George was amongst the first rock composers who featured Hare Krishna Mantra in his music thus playing a vital role in promoting Buddhism.  Harrisson took up Buddhism because he found it hard to adapt to Christian rules (****).  He disliked the complexity of the life proposed in Christianity and instead loved the easygoing nature of the life as proposed by Buddhists.  The fact that the Buddhist mantras were to be chanted musically, further appealed to his musician senses. Buddhist teaching empathized with the suffering, the slow progress, poverty and frustrations faced by quite a significant number of youth in the 1960, further fuelled the rate at which the topic was picked by rock bands.

            The message of Love in Buddhism is straightforward. Besides the search for a meaningful life and enlightenment, Buddhists believe that without love, life is incomplete (Harris 188).  As such, Buddhism strongly advocates that its adherents loves all humankind unconditionally. In Rock ‘n’ roll, the love theme has been picked by composers and propagated world wide through the bands.

            The natural order of things is also a central teaching in Buddhism. The same found a place in rock n roll because the rock bands no longer composed music in order to fit the acceptable norm s in the society. Rather, they created music that challenged the norms in the society.  According to Altschuker (48), rock n roll, broke down parochial promotions of the national culture that drew a line between music done by different racial groups. As such, rock ‘n’ roll and its Buddhist influence helped people open up their minds and embrace integration and racial tolerance.

            The Buddhist ideology of loving all humankind regardless of the personal, ideological or racial differences as mentioned elsewhere in this paper was embraced by rock bands and in turn managed to lessen the rifts between black and white youths in the United States (148).  Due to the popularity of rock ‘n’ roll music; band performances regardless of the location where they were performing would draw mixed audiences thus challenging the racial stereotypes that were still common in the American society back then.

            To understand the extent of Buddhist influence on rock ‘n’ roll however, one would have to look at the three basics of Buddhism. The ideology is that nothing is permanent in the world. As such, Buddhists believe that all things change with time. Secondly, the religion believes that the self does not exist and that the aspect of a person that humans label as the ‘self’ is just a collection of different features that change. Third, is the belief that every stage in life exposes a person to suffering. Notably, Buddhism believes that birth, age, bad health and death are all different forms of suffering that one must endure (***7). According to *** (13), music has the ability to reveal the dynamics of all forms of suffering. As such, music can act as relief to human suffering albeit for brief moments. To continue enjoying the relief, one hence has to continue singing or listening to more music. This in turn creates an addiction (Morris 13).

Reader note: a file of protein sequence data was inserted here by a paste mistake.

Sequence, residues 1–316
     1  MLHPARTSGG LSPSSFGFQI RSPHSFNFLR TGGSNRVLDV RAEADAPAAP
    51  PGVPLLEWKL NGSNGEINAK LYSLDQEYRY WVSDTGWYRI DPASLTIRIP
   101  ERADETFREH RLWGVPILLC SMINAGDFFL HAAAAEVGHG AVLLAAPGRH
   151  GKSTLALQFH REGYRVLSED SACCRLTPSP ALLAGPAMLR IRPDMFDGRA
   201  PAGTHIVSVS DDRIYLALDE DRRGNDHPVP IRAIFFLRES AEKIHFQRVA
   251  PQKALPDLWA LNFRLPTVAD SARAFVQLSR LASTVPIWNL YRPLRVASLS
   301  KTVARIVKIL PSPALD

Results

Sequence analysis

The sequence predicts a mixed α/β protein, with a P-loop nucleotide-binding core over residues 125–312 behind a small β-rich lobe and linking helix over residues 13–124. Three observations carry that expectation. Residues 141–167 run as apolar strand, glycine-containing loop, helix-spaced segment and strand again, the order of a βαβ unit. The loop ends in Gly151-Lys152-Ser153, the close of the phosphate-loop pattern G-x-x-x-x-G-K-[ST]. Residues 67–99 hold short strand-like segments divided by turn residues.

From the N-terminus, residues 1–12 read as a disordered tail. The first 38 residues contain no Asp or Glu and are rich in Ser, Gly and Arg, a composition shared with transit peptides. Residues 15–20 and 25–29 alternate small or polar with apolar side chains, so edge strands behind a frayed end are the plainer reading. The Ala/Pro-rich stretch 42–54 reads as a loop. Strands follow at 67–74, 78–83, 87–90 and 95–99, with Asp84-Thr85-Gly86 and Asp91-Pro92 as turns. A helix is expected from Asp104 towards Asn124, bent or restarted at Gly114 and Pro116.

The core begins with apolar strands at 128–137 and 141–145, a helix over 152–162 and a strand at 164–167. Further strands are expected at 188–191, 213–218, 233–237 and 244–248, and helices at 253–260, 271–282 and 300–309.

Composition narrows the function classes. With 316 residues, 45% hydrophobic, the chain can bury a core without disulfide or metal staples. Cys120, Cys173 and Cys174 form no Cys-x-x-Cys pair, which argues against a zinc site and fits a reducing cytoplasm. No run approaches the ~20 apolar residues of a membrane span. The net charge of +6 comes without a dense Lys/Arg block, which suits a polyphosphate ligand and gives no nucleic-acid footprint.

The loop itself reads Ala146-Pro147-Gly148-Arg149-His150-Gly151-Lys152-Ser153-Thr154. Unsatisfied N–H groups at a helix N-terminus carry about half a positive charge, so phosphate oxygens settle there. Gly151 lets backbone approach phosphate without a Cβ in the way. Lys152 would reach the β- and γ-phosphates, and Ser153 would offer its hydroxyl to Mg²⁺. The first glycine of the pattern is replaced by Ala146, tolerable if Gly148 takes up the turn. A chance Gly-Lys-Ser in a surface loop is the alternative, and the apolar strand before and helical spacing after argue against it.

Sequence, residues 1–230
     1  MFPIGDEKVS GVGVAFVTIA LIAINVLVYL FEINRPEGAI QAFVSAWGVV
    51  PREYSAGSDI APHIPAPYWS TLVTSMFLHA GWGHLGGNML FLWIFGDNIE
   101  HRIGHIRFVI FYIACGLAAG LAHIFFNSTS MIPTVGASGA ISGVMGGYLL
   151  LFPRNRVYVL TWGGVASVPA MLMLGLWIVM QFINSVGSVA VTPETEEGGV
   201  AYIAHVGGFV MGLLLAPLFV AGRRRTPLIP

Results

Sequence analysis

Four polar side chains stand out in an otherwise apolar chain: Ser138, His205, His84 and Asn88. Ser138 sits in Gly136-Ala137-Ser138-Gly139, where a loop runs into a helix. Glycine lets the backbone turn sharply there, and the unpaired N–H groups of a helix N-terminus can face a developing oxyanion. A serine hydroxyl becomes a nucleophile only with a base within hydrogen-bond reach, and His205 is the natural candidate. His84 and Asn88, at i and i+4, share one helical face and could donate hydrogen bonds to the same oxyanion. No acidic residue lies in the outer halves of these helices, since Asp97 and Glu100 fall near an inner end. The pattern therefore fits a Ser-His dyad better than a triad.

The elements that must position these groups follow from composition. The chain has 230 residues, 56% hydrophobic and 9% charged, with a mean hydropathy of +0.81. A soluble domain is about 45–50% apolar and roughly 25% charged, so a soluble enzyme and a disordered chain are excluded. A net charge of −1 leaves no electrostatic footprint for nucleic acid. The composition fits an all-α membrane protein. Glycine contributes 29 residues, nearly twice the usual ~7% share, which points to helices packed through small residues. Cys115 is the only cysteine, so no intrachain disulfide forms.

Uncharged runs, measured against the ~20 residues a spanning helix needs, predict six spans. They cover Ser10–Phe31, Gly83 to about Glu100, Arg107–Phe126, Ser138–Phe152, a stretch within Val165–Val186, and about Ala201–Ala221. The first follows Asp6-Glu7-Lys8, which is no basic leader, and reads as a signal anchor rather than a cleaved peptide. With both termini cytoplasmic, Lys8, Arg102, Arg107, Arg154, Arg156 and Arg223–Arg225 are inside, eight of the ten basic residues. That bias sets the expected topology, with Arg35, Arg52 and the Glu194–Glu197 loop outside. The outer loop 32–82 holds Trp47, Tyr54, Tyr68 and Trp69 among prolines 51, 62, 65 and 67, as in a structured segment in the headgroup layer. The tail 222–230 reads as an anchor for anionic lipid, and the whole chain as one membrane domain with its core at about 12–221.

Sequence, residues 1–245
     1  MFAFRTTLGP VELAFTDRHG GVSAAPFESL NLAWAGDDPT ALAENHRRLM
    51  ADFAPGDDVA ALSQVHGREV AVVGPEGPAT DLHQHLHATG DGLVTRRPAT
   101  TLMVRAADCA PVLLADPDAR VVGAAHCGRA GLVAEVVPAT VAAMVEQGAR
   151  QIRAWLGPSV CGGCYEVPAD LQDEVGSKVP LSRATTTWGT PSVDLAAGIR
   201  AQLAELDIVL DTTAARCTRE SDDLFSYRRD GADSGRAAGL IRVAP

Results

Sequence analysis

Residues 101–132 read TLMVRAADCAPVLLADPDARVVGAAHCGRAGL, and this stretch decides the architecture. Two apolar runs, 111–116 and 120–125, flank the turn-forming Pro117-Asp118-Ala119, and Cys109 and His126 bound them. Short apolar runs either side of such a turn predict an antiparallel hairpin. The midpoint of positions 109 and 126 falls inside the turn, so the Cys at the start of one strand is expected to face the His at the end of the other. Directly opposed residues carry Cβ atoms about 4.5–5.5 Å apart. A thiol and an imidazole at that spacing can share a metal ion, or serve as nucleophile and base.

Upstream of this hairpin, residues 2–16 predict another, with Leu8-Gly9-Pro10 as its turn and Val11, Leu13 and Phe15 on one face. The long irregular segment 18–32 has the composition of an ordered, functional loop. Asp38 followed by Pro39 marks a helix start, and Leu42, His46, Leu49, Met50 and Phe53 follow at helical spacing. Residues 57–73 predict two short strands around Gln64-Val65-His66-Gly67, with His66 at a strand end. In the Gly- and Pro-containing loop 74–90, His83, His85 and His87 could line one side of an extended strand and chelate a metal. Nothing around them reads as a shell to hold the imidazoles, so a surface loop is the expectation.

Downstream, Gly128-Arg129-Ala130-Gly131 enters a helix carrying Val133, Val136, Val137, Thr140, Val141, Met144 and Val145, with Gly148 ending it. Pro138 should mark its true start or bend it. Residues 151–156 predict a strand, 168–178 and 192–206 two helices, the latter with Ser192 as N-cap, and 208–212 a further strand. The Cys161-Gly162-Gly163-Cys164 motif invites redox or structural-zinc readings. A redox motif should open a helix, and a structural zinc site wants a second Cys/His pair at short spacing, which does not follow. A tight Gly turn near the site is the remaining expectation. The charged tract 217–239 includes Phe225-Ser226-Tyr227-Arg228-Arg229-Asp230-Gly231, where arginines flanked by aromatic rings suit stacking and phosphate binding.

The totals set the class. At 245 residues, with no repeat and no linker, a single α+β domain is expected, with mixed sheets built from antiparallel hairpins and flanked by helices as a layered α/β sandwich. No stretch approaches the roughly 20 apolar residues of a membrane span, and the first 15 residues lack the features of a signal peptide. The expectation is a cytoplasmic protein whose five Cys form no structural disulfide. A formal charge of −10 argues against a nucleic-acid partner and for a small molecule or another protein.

John Cage

As observed in the introductory part of this paper, rock ‘n’ roll is completely different from the chants and slow rhythms that one would refer to as the Buddhist music. Since rock ‘n’ roll is unlike other form of art where images and manifestations of Buddhism can be observed, the effect of the same on music of any genre can only be observed by analyzing the content of the music. Rock ‘n’ roll musician John Cage for example has Buddhist themes in his music having learned Buddhism from a Japanese Buddhism scholar named Daisetz Suzuki (Morris 15).

            Since Cage took up Buddhism, music analyst claim that his music took on a controversial and radical aspect, which differed from the music he had done between 1940 and 1950 (15).  His music has been described using a variety of adjectives in various music websites. Such descriptions include bouncy, mischievous, playful, mysterious, dissonant, freaky, sophisticated, dreamy, rhythmic, trance, exotic and even heavenly.  He usually uses a mixture of prepared piano, Kalimba and Marimba as his main musical instruments.  Cage’s influence on rock music is undeniable and thus by extension, his newfound faith had an influence on rock and roll. In 1951 for example, he composed music specifically for radio frequencies. A year later, he composed music that could use multi-media interfaces in a computer, and composed an electronic collage, which was made up of hundreds of random noises in the same year. During the water music concert, perform in the same year, Cage instructed his performers to include non-musical gestures in their performance. All this contributed to the evolution of rock ‘n’ roll from its rather conservative nature to a more vibrant and diverse type of music.  In 1958, Cage became the first rock musician to perform electronic music to a live audience.